When I was in 6th grade, my parents sent me off for dancing classes -- in a brand new suit and tie, complete with white gloves. The purpose of these excruciating events every two weeks during the winter was to teach middle school children something about proper manners and "comportment"-- a subject that we were also graded on in school. Our sixth grade teacher would inspect our finger nails, behind our ears, the cleanliness and coordination of our clothes, and she would always ask us a few questions which we were expected to respond to courteously, respectfully, promptly. She also taught us about the proper form of letters, the importance of writing thank you notes, how to set a table, and how to serve a meal.
We weren't a wealthy family; the dancing lessons were just something that seemed to happened, as sure as sunrise and sunset, in the lives of most middle school boys and girls in the town where I grew up, on the west side of Chicago. In particular, boys were generally thought of as being in need of some polishing to make them at least reasonably presentable. Plus, we'd learn the waltz, the fox-trot, the Lindy -- and everything that went into social events like a dance -- how to approach a possible partner and make our request; how to accept or decline graciously; how to move on to another partner after the dance was over; and, most importantly, to keep the proper distance from our partner. One of the female teachers, a very tiny woman, would make it a point to pop up between dancers, even during waltzes, to make sure of this required space.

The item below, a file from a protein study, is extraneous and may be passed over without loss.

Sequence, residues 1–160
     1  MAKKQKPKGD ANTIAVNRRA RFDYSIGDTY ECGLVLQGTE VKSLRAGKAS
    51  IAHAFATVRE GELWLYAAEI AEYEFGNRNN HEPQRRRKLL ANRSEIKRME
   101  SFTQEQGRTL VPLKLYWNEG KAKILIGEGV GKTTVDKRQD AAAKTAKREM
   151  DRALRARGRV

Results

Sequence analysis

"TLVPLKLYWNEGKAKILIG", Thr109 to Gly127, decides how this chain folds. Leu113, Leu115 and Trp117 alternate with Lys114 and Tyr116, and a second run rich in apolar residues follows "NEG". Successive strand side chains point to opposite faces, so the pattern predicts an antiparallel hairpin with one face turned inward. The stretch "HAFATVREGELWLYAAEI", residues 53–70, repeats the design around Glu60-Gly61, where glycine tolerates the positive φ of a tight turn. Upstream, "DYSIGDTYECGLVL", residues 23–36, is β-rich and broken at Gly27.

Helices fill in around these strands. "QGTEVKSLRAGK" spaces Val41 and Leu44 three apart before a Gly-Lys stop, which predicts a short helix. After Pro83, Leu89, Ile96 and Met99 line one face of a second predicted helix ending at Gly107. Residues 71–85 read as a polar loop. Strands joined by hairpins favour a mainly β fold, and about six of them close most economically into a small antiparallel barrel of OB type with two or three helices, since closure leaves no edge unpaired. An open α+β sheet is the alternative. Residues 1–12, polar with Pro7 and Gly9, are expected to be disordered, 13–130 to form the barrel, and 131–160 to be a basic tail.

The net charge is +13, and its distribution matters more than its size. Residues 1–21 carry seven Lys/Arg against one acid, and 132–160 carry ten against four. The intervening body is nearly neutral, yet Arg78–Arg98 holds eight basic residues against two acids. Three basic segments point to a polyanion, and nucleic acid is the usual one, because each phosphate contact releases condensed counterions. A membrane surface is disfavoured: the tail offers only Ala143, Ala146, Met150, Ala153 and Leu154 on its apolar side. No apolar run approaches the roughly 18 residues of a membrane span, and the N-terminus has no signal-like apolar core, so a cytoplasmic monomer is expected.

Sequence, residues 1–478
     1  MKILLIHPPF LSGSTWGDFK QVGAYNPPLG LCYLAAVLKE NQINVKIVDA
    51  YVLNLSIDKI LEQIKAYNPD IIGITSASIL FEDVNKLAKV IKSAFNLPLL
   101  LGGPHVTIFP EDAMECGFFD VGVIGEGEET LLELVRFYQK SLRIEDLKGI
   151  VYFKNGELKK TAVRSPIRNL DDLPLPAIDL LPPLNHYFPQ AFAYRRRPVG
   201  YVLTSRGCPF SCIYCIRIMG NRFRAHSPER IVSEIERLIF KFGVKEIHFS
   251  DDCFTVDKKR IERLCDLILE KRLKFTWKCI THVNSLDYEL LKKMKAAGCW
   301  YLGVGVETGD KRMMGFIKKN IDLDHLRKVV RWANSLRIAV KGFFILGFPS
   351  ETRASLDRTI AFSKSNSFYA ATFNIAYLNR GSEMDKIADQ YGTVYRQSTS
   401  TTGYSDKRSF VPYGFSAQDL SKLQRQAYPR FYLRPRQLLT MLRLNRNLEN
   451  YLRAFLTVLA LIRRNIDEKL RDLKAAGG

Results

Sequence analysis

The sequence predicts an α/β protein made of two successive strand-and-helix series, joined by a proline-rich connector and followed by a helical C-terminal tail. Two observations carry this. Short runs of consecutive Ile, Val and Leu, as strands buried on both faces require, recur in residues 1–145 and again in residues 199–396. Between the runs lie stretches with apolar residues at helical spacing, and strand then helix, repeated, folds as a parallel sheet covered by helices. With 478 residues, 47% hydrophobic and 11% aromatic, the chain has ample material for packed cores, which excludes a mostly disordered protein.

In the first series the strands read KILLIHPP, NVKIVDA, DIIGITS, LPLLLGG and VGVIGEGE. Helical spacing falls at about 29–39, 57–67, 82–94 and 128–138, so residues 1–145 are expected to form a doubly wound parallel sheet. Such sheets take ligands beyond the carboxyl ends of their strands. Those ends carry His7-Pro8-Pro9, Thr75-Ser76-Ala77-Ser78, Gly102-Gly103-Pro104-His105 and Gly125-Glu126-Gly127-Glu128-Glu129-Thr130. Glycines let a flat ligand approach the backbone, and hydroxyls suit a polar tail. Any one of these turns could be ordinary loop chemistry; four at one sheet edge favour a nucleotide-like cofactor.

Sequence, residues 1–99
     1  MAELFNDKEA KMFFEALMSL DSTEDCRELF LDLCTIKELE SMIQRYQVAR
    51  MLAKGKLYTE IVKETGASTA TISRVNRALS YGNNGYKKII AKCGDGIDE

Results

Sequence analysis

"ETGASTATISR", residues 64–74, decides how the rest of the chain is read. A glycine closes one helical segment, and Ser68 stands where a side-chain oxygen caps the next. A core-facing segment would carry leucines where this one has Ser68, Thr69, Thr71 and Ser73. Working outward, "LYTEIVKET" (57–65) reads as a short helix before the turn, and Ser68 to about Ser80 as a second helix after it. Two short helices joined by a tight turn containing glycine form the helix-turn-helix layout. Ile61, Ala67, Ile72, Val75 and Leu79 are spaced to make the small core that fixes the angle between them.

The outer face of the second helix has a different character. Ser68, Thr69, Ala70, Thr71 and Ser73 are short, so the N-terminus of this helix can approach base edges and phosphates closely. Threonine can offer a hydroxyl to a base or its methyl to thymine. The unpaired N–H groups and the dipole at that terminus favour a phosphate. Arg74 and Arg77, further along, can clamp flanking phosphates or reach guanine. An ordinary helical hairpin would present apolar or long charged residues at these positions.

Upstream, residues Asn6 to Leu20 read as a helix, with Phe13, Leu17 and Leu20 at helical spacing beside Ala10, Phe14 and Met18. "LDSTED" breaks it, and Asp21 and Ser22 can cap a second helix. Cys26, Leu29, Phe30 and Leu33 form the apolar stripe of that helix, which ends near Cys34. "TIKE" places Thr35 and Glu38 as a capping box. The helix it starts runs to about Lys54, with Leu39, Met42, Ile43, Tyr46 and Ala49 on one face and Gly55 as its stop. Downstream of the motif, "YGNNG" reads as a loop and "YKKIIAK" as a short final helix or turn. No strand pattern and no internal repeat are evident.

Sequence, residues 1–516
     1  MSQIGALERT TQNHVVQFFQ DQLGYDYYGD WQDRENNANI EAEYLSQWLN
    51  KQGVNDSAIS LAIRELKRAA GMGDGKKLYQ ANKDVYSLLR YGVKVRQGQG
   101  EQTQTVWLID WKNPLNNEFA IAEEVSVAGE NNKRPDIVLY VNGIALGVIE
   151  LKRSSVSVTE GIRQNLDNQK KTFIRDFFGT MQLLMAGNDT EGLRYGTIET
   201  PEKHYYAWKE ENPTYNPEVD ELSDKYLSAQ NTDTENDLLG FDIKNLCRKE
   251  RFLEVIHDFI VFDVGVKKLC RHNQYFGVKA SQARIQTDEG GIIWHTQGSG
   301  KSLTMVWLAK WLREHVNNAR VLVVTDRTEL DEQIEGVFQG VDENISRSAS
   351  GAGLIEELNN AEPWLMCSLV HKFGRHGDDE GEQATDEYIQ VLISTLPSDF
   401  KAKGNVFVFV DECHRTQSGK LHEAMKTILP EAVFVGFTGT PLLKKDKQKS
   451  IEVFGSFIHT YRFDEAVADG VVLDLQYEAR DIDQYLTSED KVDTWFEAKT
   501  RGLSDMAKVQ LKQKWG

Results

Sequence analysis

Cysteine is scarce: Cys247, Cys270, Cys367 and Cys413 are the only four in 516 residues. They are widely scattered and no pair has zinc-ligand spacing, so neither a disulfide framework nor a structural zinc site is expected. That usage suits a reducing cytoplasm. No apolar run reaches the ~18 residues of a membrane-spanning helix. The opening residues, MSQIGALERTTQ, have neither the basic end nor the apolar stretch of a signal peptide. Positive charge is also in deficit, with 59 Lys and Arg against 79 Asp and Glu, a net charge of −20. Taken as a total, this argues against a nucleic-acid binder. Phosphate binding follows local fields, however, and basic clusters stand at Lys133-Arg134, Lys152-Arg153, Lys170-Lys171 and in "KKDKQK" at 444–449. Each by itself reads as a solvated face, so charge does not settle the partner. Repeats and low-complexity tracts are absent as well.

Every generation says that they're better behaved than the younger ones. Aristotle complained about the noisy insolence of teenagers in ancient Athens. Here in America, European visitors have been criticizing us for centuries about our sassy, unruly youth. Their own wild children had led to the first, printed codes of manners, the courtesy books that were written as early as the 12th century. These were originally intended for the children of the European aristocracy, and were meant to produce young noble men and women who had learned (presumably from the book and ever watchful adults), that it was bad manners to claw at your food or to spit it out on the table if you didn't like it. Thank goodness, 800 years later, those practices are still considered gauche-- even if our young people's dances have twisted and frugged and moshed far, far away from those mini-cotillions of yesteryear. Yet even though the distances between waltz partners for all of us have shrunk, it's funny, but I still can't seem to stop asking, "May I please have this dance?"
Copyright 2005© John Cech
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